Additionally, the institutions supporting the system, i.e. the International Monetary Fund (IMF) and the World Bank, have seen changes in their official objectives. In this context, it is pertinent to note that the world economic system during the post-war period (i.e., between 1945-1970) was devastated by the effects of war, with restrictions on trade and conversion of currencies, lack of means to purchase resources from the one economy which had excesses thereof (i.e., the United States of America) and the deep-seated fear of consequences similar to those which followed the first world war (including recession and unemployment). Consequently, those who took part in the Bretton Woods not only shared the goal to overcome such effects but also shared a fresh approach to thought and well-devised strategies to achieve that goal. The Articles of Agreement of the International Monetary Fund (IMF) clearly prescribed the twin objectives of the system, i.e., the enhancement of international trade through liberalization (i.e., reduction of restrictions on trade, currency conversions, etc.) and the promotion of employment and productivity.[3] While the former was entrusted to the IMF, which oversaw currency matters and maintained a common pool of resources to be utilized to overcome short and medium-term difficulties (e.g., balance of payments difficulties) the latter was entrusted to the World Bank, which extended monetary support and technical advice to overcome long-term difficulties (e.g, reconstruction and development difficulties).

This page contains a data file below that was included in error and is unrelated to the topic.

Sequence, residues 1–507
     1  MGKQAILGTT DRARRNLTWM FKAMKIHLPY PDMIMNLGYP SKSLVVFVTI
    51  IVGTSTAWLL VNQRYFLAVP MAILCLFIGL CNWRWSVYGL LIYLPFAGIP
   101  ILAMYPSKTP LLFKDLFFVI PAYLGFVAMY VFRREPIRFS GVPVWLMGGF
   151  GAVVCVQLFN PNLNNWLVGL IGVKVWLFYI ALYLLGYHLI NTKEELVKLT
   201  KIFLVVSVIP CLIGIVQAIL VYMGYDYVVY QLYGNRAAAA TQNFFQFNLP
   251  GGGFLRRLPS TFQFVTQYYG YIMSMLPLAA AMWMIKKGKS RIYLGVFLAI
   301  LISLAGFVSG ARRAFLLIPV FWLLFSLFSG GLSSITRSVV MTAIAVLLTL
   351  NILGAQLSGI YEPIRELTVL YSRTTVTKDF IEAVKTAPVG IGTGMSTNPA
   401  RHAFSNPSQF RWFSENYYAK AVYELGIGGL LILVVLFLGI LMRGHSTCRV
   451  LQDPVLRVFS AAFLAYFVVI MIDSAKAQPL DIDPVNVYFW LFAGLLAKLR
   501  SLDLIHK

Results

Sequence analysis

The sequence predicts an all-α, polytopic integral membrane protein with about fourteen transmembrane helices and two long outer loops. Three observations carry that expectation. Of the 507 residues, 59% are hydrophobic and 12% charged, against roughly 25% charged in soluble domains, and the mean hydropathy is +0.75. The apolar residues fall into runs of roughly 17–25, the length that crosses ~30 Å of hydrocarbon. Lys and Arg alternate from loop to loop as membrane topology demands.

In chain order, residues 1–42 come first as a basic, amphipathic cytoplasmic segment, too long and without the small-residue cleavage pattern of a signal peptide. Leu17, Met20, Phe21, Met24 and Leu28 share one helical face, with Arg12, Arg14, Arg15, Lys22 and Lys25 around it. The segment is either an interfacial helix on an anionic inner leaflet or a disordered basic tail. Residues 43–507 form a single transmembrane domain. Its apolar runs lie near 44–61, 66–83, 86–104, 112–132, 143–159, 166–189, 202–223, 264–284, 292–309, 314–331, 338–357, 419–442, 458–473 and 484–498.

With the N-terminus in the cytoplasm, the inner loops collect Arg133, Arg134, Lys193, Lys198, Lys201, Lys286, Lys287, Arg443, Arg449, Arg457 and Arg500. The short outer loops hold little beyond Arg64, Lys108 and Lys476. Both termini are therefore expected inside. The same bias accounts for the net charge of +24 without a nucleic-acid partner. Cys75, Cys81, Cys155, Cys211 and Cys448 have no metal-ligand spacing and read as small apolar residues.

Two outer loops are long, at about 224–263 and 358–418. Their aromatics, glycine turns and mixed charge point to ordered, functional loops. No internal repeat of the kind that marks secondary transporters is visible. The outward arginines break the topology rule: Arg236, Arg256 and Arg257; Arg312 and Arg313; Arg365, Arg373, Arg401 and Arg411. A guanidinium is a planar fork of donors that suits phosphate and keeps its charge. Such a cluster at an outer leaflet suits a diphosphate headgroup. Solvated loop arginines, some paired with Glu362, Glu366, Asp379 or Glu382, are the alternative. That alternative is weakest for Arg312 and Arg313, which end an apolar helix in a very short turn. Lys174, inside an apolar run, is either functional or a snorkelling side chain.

Since the introduction of the said objectives, the world economic system has seen significant developments, including the rise of developing economies, foreign exchange convertibility, increased operations of multinational companies, and the gradual fall, from its superior position of the United States. These developments coupled with fresh political influences, have prompted international institutions to shift their focus towards other objectives, including the development of third-world nations, eradication of poverty, protection of the environment (through the promotion of sustainable development) and the promotion of employment.[4]